window.dataLayer = window.dataLayer || []; function gtag(){dataLayer.push(arguments);} gtag('js', new Date()); gtag('config', 'G-3MEBLHXD8H'); window.dataLayer = window.dataLayer || []; function gtag(){dataLayer.push(arguments);} gtag('js', new Date()); gtag('config', 'UA-180651656-1');

Research. Dissemination. Advocacy. Community.

The Pandemic’s Impact on Children and Youth: Eating Disorders

December 20, 2021

Dr. Ayisha Kurji, a pediatrician in Saskatoon, said the pandemic has led to an increase in the prevalence of eating disorders in children and youth in Saskatchewan and a “dramatic increase” in hospitalizations. According to her ongoing study, eating disorders are on the rise among young people, and she has seen kids as young as 11 and 12 hospitalized due to an eating disorder. She believes there are multiple reasons for these increases including disrupted routines, remote learning, and increased time spent on social media. She offers several things to be on the lookout for, such as changes in eating patterns and behaviors, eating alone, and even the way a young person eats as potential indicators that should be given attention. She also invites parents to consider the importance of seeking support as soon as possible, including support from a physician.

Similar findings have been in the news recently that show this to be a trend across the country. Hospitals, such as Sick Kids in Toronto are reporting a 35% increase in admissions to their eating disorder programs, and a children’s hospital in Hamilton says it’s seen a 90% spike in referrals to its eating disorder program. The Kids Help Phone and other online services are also noting an alarming spike in the number of people seeking help for eating disorders. In a study drawing participants from many provinces across Canada, they found that during the first wave of the pandemic, monthly new cases of anorexia and atypical anorexia increased by more than 60 percent and monthly hospitalization nearly tripled compared to pre-pandemic rates, and call for early and more attention to be paid to children and youth’s mental health, and to the protective factors that can support them.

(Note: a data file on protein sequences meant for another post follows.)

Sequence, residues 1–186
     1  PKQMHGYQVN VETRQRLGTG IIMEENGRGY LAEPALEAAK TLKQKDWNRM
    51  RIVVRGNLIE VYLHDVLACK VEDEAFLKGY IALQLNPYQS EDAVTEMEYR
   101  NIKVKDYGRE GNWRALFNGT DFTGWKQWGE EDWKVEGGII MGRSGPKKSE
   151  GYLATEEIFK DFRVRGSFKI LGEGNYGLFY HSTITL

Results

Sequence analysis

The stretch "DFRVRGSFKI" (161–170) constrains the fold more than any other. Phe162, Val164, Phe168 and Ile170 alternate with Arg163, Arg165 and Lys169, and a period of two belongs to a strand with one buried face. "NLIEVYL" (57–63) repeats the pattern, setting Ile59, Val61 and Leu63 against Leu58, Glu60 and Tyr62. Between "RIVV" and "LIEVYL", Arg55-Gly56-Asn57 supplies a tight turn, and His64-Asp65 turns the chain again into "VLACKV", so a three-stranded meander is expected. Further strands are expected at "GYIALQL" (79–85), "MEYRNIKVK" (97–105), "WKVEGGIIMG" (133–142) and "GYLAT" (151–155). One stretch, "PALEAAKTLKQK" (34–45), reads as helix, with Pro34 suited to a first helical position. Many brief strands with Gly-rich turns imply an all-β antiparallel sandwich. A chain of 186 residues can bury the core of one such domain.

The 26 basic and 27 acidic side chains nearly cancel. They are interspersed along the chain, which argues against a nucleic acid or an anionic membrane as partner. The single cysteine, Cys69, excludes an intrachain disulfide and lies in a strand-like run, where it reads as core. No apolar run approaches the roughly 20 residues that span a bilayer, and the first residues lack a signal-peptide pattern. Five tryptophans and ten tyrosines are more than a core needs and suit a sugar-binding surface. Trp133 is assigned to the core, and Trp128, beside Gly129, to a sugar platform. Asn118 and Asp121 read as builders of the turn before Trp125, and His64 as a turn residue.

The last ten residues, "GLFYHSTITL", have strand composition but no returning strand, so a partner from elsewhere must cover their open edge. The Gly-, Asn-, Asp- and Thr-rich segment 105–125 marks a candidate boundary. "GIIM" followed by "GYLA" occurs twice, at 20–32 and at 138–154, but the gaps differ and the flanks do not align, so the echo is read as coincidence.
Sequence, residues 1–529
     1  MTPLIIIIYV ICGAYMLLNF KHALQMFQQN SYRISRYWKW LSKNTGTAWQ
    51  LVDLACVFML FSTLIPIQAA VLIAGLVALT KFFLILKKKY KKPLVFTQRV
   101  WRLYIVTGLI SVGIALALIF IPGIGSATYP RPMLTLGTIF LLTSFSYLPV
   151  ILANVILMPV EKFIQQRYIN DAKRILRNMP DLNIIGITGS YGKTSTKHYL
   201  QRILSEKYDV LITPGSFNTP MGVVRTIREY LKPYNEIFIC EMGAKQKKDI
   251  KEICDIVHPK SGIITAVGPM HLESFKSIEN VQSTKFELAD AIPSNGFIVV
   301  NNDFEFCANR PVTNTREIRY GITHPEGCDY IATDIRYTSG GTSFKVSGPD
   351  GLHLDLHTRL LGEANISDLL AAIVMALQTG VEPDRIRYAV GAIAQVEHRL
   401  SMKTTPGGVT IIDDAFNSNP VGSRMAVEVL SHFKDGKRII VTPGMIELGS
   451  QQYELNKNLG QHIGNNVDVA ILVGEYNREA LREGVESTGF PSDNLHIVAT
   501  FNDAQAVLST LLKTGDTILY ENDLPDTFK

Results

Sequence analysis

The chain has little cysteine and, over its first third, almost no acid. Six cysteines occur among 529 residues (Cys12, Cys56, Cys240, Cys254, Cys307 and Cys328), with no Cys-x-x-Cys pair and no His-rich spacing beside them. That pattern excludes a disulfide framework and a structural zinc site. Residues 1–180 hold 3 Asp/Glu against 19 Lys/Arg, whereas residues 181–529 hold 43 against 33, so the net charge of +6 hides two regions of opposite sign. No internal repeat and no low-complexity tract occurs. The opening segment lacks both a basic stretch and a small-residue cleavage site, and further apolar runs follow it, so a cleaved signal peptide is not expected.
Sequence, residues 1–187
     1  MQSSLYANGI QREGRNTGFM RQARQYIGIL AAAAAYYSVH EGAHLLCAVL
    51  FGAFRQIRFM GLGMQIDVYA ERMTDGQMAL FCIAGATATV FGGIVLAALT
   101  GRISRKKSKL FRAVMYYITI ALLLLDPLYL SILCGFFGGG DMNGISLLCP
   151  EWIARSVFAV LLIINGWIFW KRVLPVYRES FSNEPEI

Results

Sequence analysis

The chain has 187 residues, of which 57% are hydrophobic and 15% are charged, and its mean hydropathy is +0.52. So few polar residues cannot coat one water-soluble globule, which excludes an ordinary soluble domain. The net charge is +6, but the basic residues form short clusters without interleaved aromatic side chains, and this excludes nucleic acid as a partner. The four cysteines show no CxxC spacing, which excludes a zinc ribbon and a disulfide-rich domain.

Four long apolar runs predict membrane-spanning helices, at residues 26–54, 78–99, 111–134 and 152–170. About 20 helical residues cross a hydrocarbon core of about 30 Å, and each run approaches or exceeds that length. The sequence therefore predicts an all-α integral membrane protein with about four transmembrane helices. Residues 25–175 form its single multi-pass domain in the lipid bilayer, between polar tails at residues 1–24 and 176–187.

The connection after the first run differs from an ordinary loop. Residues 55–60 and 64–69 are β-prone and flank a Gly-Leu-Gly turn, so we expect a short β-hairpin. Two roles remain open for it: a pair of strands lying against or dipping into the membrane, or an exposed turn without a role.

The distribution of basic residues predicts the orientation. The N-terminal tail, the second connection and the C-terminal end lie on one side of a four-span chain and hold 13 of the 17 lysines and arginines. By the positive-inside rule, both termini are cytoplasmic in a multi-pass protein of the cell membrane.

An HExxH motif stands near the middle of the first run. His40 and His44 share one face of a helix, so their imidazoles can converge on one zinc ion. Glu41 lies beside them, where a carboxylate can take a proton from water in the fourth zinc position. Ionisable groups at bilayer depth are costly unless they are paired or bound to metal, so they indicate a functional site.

For more information on disordered eating, please visit:

Some practical suggestions include:
  • Provide reminders that “fat” is something that all people have on their bodies, not an emotion that someone can feel. Encourage self-analysis of what emotions and thoughts are being experienced when the word “fat” is used.
  • Adults should be cautious of how they speak about their bodies in front of children and youth. Obsessing over the need to lose weight or other body image issues may make children feel that they need to do the same.
  • Validate thoughts of negative body image. Often, first instincts are to debate these thoughts (e.g. “You’re not fat!”). Instead, try to listen, acknowledge, and validate concerns by encouraging young people to talk about their struggles with body image.
  • Encourage people who experience disordered eating to set boundaries for themselves. This can include setting social media limits, avoiding magazines, and changing the subject when others discuss topics of food or body image.
  • Encourage habits of positive thinking and reducing stimuli that sustain the harmful practices, such as having continuous access to a scale.


This website is for educational purposes. If the situation is urgent, please call 911, or your local emergency services providers.